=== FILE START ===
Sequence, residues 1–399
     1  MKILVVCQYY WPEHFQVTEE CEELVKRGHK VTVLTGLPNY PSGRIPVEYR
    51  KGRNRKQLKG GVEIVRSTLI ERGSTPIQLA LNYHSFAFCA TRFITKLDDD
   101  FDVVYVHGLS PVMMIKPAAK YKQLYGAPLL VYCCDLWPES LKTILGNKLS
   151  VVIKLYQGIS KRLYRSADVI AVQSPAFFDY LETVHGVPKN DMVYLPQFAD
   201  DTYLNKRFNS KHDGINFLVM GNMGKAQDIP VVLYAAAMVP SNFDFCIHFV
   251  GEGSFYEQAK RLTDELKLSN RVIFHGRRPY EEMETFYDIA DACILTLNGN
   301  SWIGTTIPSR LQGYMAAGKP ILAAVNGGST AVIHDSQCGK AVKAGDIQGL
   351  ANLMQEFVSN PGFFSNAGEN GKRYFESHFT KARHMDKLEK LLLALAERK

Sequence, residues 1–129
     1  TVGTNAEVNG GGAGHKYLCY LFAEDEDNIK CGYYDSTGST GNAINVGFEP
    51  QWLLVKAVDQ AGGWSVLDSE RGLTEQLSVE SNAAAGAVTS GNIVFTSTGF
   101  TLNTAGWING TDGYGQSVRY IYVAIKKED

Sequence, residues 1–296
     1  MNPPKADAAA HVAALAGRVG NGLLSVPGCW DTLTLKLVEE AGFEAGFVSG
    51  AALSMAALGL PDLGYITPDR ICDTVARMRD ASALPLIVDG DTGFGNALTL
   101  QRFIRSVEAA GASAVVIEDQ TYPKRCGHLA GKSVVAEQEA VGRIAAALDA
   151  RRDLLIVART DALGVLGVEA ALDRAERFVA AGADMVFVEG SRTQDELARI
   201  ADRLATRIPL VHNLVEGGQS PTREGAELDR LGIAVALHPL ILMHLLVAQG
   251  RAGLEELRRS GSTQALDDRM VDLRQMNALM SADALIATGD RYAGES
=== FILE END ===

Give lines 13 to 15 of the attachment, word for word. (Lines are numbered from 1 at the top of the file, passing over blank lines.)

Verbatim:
   101  TLNTAGWING TDGYGQSVRY IYVAIKKED

Sequence, residues 1–296
     1  MNPPKADAAA HVAALAGRVG NGLLSVPGCW DTLTLKLVEE AGFEAGFVSG